I had no such issues with Alexander Skarsgard's performance as Eric. Skarsgard is the strongest actor on True Blood and he is able to find and play many different levels in anything Ball throws his way. In his first scene, he is all sexy confidence as he flirts in the buff with Sookie while absorbing her news that Bill has been kidnapped. We soon realise he was in fact taken aback and very upset at the news, partly because he had his own designs on Bill and partly because Eric cares very much about his position as sheriff and feels the conflict of interest he has in regard to Bill's safety. The actor really takes control of the screen in the scene with the Magister and Sophie-Anne, during which we watch Eric weigh his options on how to approach the Magister while subtly letting Sophie-Anne know how upset he is at the turn of events. Sophie-Anne is a lot less subtle in her reaction, as she literally grabs Eric's balls to make her point. Eric, however, reacts with a snarl, and the scene is set for some very complicated power plays as the vampires try to escape the Magister's tightening noose.
Bill has his own need to escape, as he has been kidnapped by what appear to be V-addicted werewolves. We still don't know who's pulling the strings, but Bill has plenty to deal with as it is, and fortunately, we see a much more badass Bill than at any time last season. In season two , Ball pulled Bill's fangs as he tried to label Bill as the good vampire and Eric as the bad one. These kinds of labels do not make for compelling drama and Skarsgard got the better deal as Stephen Moyer tried to make lovelorn Bill compelling. Separating Bill from Sookie has already improved the story for both characters, as they each decide to take control and do something about the kidnapping. Anna Paquin is a strong actress and it is more than time we saw a strong Sookie. And it was beyond delightful to see Moyer and Sam Trammell playing with Sam's attraction to Bill, with Bill actually getting away with the line, "I hear the water is very hard in Arkansas." Ah, True Blood, how I have missed you.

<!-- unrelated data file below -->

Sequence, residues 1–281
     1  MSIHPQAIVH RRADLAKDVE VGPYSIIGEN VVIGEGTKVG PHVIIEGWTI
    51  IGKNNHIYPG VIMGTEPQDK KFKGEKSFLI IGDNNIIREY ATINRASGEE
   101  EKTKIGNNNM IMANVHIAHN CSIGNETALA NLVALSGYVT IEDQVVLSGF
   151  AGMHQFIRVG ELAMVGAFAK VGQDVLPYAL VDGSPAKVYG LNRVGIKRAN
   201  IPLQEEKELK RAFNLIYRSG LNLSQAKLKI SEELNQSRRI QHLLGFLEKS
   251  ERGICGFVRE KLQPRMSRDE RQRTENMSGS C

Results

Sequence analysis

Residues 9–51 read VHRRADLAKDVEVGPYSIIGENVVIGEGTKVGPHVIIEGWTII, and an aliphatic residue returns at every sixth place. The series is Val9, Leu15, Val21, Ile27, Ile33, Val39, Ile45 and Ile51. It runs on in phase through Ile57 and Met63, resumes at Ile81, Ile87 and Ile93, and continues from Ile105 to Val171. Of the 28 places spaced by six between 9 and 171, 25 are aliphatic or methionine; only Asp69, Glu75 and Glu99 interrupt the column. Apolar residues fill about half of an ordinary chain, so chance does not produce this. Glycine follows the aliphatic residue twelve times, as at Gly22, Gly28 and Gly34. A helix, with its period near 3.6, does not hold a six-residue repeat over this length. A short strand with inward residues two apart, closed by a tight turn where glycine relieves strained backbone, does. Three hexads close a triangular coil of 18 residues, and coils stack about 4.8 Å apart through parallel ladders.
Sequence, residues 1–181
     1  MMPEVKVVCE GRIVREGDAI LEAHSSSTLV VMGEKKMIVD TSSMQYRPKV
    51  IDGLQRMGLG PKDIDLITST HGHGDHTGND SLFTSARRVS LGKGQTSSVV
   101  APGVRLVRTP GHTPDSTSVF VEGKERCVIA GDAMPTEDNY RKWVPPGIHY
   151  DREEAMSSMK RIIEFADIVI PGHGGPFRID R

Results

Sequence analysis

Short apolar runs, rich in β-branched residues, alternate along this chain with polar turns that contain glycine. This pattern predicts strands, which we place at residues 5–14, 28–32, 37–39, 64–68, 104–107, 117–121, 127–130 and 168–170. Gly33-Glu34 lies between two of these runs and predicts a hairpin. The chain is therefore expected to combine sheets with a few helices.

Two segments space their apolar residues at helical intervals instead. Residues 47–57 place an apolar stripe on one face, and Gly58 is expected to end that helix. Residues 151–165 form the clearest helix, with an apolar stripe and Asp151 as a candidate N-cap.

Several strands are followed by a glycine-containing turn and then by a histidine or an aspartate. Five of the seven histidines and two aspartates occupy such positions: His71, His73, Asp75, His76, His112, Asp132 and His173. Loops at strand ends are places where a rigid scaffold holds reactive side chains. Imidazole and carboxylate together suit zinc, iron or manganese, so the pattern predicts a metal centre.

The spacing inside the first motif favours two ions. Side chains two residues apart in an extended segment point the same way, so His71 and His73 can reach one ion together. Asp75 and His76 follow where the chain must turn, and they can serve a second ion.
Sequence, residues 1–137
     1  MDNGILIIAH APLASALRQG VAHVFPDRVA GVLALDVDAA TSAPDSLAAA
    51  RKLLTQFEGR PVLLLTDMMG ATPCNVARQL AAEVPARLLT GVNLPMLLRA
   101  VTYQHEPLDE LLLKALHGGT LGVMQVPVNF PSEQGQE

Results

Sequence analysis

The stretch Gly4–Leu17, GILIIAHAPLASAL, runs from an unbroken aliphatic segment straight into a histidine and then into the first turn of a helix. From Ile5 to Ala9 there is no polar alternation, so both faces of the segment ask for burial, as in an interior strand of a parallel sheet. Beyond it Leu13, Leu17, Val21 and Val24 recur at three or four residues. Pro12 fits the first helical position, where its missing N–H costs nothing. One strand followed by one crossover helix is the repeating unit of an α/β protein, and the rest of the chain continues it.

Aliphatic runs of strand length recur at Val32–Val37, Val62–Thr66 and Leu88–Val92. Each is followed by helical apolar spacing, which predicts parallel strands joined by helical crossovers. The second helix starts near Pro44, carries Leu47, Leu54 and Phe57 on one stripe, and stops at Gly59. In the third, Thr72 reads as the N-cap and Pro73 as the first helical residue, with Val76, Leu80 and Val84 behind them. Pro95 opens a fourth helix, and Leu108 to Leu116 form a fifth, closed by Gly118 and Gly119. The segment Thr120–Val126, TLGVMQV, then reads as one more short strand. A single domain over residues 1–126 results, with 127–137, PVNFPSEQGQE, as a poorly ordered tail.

Bill's kidnapping does more than allow Bill to kick some butt and deliver kick-ass lines. It also allows Sookie and Sheriff Bud Dearborn to have a disturbing conversation on who is allowed to claim personhood. The episode is such a hoot of a good time it comes as a shock to hear the sheriff refuse to look for Bill because he isn't a person. Sookie's heartfelt response that she cares as much for Bill as Bud does for his family is a reminder that labels do much more than name. They also include or exclude and the price of exclusion is huge. As usual, this kind of social commentary is subtly done and doesn't derail the fun while giving the show some depth.
Jessica's story line continues this dual exploration. The excellent Deborah Ann Woll beautifully portrays the angst and awkwardness of the teenage years as Jessica tries to handle heartbreak and hunger on her own. Our little baby vamp manages to make killing her supper both funny and full of pathos, no small feat.
I'm less sure that Ryan Kwanten is going to manage as well in his story line. Full disclosure: I didn't care for Kwanten's Jason Stackhouse in the first season. He had a dramatic part and I wasn't pulled in as he tried to evade a murder charge of which he was innocent, though I do admit to laughing out loud at the poor guy's, uh, engorged, reaction to an overdose of V. In season two, Ball brought out the comedic side of Jason and I grew very fond of the character. He was a hoot. Now I'm just a little concerned Jason is heading for another dramatic turn, and as another murder suspect, no less. Jason works best as the slightly dim but earnest font of homespun and addled wisdom whose dick always seems to be out of control. And "Bad Blood" offered us a good deal of that Jason, seasoned with a good dose of the always perfect Chris Bauer's Andy. I'm just a little wary of where that story thread may lead.
I found Sam Merlotte's part of the story to be just the opposite. I'm sure it will go to very interesting places, but the most exciting thing to happen this episode was the sex dream with Bill. Sam Trammell has already shown himself to be capable of pulling off both comedic and dramatic storylines—he was the best thing about season two's finale—but "Bad Blood" didn't get very far with his season three set up.
And that brings up my final red flag for season three. There are several new hires this season and the promos have made most of them look very intriguing. With an already large cast and only an hour to tell the story, the writers will have to work hard to service all these characters. There will be little room for dead wood, so we'd better see Sam's quest pick up steam quickly and Tara get some of her sass back. I have faith and am counting down the days to next Sunday.